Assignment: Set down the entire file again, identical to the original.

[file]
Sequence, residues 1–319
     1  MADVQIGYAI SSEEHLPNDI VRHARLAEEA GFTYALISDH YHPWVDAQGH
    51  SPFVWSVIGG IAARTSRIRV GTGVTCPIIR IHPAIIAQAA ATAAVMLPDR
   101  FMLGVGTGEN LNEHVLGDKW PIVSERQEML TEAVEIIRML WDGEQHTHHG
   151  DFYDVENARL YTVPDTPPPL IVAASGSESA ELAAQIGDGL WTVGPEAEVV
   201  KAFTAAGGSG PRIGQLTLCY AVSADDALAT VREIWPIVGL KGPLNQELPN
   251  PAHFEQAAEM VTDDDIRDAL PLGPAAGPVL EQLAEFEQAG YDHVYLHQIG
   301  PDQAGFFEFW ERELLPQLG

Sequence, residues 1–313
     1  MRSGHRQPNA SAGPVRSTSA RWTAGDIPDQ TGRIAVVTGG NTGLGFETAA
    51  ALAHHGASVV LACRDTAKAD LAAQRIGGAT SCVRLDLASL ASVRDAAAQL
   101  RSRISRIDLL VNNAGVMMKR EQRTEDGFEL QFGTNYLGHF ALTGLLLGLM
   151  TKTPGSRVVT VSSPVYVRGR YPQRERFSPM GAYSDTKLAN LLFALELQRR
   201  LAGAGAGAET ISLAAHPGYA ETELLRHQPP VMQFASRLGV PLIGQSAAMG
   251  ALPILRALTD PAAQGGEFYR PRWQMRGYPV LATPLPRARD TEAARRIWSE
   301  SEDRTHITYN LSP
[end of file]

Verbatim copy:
Sequence, residues 1–319
     1  MADVQIGYAI SSEEHLPNDI VRHARLAEEA GFTYALISDH YHPWVDAQGH
    51  SPFVWSVIGG IAARTSRIRV GTGVTCPIIR IHPAIIAQAA ATAAVMLPDR
   101  FMLGVGTGEN LNEHVLGDKW PIVSERQEML TEAVEIIRML WDGEQHTHHG
   151  DFYDVENARL YTVPDTPPPL IVAASGSESA ELAAQIGDGL WTVGPEAEVV
   201  KAFTAAGGSG PRIGQLTLCY AVSADDALAT VREIWPIVGL KGPLNQELPN
   251  PAHFEQAAEM VTDDDIRDAL PLGPAAGPVL EQLAEFEQAG YDHVYLHQIG
   301  PDQAGFFEFW ERELLPQLG

Sequence, residues 1–313
     1  MRSGHRQPNA SAGPVRSTSA RWTAGDIPDQ TGRIAVVTGG NTGLGFETAA
    51  ALAHHGASVV LACRDTAKAD LAAQRIGGAT SCVRLDLASL ASVRDAAAQL
   101  RSRISRIDLL VNNAGVMMKR EQRTEDGFEL QFGTNYLGHF ALTGLLLGLM
   151  TKTPGSRVVT VSSPVYVRGR YPQRERFSPM GAYSDTKLAN LLFALELQRR
   201  LAGAGAGAET ISLAAHPGYA ETELLRHQPP VMQFASRLGV PLIGQSAAMG
   251  ALPILRALTD PAAQGGEFYR PRWQMRGYPV LATPLPRARD TEAARRIWSE
   301  SEDRTHITYN LSP